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Self-esteem is a psychological term describing the state of having in oneself:

  • a positive attitude
  • a feeling of value in oneself
  • belief in one's own abilities[1]
  • belief in one's own competence.[2]

Liberal educators often disconnect self-esteem from achievement, focusing more on developing self-esteem than on actually ensuring their students actually learn anything. Liberal educators commonly adopt politically correct policies in their classrooms in order to protect the self-esteem of women, minorities,[3] and other groups. However, a study conducted by the California Task Force to Promote Self-Esteem found that higher self-esteem doesn't correspond with higher intellectual performance. Also, having higher self-esteem doesn't produce correct moral outcomes such as lowered teen pregnancy or reduced delinquency.[4]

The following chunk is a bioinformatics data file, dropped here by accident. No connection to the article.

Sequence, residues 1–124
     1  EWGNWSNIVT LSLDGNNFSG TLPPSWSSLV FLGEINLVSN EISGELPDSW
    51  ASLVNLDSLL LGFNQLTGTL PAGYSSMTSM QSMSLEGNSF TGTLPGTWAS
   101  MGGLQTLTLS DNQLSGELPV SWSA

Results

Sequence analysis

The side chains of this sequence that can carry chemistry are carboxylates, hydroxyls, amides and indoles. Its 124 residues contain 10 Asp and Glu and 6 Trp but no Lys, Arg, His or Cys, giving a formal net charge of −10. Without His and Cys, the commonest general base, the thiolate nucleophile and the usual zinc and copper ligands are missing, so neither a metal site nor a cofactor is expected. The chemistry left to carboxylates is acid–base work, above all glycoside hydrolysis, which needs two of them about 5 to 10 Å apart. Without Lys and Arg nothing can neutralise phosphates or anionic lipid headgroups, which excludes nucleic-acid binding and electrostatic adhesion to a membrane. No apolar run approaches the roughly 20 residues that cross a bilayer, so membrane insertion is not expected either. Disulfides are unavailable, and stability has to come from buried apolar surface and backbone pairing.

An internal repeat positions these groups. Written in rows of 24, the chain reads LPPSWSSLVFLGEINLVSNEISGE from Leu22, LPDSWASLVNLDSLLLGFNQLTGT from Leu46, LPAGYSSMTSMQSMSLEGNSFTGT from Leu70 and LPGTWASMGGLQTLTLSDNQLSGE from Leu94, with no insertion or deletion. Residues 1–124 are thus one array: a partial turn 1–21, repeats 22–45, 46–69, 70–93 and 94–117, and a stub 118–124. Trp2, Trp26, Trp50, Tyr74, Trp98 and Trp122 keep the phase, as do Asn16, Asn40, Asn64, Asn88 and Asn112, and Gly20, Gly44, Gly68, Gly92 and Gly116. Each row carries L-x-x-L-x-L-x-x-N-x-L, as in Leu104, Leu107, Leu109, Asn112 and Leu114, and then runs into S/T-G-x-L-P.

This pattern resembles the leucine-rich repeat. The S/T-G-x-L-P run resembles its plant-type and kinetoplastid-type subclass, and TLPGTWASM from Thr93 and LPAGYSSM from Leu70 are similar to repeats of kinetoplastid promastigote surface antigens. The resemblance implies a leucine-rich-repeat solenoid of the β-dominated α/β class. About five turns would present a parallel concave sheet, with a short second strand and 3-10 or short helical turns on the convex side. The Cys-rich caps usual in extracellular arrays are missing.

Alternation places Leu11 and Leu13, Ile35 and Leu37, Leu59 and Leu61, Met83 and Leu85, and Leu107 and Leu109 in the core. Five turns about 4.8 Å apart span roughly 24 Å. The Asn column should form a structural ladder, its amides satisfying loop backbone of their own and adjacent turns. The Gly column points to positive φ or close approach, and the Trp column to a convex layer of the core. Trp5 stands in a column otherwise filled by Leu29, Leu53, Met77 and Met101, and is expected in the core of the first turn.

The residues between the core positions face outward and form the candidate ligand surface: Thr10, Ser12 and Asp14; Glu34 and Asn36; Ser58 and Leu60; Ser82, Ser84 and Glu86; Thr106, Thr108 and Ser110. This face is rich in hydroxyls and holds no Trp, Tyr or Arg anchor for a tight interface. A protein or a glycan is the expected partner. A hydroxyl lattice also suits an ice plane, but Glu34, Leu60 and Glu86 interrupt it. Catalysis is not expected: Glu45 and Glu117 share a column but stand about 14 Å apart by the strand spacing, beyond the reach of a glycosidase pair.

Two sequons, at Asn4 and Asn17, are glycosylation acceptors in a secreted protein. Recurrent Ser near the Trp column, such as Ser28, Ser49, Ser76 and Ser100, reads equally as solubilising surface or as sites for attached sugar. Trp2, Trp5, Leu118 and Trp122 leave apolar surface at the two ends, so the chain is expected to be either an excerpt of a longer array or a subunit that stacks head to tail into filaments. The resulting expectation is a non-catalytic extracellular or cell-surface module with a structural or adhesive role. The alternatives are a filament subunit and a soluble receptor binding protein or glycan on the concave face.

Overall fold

Educators in California believed that programs designed to increase young students' self-esteem would lead to increases in academic achievement. However, they did not bother to check this assumption. Martin Seligman criticized them for this:

  • Seligman says self-esteem is a byproduct of competence, and that attempts to increase competence by buoying self-esteem are not just ineffective but even counterproductive. (Others have noted that juvenile delinquents and dropouts have higher-that-average self-esteem.)

See also


  1. Traditional social-psychiatric theory argues that productive people will enjoy life, feel good about themselves, earn the respect of friends and co-workers, and feel connected with their families and society. Paul Cameron, Ph. D.
  2. "Self-esteem" Mental/Emotional Health at BBC Health; accessed 24 December 2007
  3. "Barack Obama's "African American Education Initiative" creates a new Federal bureaucracy. One of its goals will be to stop disciplinary action against black public school students who misbehave."
  4. Education's self-esteem hoax (Christian Science Monitor, October 24, 2002)